I???ll start by saying that I really enjoy reading and participating in this site and I particularly am in awe of its excellent features such as badges, reputation, upvotes, comments, upvotes on comments, etc. I don???t know if this is unique or par for the course nowadays as I don???t read a ton of boards online but I???ve never seen anything like it and I want to give kudos to Patrik and the community that makes it all work.
The big question that is obsessing me right now:
How and when is this ???users with screwed up leptins wanting to lose fat??? and ???users with healthy leptins wanting to optimize fitness??? conflict going to get harmonized once and for all?
It seems that there is a spectrum of health on this site and what people on one end need is very different from what people on the other end find ok and helpful. Sub-questions:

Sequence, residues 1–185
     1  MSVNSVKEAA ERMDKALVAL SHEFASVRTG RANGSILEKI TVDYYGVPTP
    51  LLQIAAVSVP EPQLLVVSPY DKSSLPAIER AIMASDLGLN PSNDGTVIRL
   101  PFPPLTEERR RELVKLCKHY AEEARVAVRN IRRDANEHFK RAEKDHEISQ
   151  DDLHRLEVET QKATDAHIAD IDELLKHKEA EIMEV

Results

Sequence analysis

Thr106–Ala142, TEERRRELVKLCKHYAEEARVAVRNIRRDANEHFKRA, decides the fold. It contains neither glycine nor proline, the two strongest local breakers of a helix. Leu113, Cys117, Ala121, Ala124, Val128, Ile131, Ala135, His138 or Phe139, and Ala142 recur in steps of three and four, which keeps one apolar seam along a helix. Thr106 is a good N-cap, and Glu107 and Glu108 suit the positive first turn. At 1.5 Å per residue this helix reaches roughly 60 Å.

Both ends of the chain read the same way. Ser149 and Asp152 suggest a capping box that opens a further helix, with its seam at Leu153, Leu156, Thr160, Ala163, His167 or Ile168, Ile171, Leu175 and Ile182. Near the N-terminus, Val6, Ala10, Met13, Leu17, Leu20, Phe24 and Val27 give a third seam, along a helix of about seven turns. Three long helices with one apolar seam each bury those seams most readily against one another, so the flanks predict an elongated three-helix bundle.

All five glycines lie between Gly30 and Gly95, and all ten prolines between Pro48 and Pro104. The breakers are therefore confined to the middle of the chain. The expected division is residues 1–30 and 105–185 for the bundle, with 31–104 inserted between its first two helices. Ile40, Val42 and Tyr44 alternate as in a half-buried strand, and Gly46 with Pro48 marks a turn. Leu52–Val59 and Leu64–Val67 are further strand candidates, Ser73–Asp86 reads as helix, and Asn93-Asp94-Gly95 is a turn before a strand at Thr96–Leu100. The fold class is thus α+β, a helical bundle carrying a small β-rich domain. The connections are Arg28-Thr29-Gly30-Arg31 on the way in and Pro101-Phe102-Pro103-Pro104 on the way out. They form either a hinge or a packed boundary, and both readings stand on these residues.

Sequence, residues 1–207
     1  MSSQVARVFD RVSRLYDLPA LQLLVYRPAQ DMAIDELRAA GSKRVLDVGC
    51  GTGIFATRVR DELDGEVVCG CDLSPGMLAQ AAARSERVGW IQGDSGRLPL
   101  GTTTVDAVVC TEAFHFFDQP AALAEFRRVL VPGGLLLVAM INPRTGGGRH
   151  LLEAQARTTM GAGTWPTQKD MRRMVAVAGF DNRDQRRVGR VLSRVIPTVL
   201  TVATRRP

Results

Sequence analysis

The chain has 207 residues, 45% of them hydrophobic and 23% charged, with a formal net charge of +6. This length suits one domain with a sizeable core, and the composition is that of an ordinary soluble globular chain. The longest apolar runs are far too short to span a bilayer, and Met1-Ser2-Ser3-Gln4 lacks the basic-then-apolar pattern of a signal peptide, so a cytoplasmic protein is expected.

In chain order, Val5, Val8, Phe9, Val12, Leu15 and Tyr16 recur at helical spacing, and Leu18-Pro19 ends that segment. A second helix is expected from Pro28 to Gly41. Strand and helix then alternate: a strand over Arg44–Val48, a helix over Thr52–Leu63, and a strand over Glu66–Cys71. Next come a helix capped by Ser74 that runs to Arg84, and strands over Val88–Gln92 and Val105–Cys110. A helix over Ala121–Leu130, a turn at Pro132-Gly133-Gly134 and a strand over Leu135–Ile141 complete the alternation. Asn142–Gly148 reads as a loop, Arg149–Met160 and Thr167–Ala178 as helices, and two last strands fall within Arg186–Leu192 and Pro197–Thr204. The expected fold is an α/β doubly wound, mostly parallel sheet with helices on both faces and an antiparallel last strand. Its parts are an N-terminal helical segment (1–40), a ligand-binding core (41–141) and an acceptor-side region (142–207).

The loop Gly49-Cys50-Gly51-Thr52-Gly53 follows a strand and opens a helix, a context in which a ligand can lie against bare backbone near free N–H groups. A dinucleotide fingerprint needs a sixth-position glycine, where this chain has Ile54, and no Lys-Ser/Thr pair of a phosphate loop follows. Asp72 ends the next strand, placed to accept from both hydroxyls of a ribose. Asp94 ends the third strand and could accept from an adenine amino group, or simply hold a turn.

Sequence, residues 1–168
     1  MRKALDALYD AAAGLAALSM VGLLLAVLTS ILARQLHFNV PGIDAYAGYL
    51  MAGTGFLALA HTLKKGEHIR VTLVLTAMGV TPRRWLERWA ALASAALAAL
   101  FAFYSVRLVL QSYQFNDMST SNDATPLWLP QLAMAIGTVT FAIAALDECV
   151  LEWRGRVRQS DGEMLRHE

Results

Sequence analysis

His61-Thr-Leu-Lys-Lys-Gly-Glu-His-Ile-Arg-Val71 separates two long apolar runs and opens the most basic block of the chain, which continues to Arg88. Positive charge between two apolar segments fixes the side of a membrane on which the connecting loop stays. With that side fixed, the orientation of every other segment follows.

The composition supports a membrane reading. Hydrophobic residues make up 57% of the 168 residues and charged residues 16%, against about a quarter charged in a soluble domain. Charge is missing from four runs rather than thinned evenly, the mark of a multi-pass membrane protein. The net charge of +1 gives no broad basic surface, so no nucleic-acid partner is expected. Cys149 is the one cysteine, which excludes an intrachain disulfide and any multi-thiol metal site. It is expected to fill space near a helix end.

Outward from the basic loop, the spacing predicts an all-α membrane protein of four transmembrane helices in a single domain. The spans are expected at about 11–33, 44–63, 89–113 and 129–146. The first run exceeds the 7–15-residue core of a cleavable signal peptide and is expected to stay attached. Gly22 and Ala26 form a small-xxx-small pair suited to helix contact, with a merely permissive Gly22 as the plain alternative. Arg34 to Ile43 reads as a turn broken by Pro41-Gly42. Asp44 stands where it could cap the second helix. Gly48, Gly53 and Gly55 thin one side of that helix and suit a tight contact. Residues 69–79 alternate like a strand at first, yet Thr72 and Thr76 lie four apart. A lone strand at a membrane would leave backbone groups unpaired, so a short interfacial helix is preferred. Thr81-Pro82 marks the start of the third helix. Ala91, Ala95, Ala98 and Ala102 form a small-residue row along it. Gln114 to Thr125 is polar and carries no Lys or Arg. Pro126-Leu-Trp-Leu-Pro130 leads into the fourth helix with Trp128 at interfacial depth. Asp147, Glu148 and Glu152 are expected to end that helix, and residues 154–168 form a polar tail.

(a) Leptin-Challenged Side of the Spectrum. I see certain answers, for example ???you don???t need to go VLC??? and ???you need to exercise more??? that might be perfectly perfect for people in the second category but not necessarily appropriate for people in the first category. I don???t see people making a fundamental distinction in their questions or answers a lot of the time. But sometimes I do see people doing that and it???s critically helpful. Are things at a point where two different websites are needed to avoid confusion? I hope not, but just asking. I???m particularly concerned that people new to Paleo and new to the site who are facing leptin/fat loss challenges won???t see the difference and will get advice that isn't going to take them in a good direction.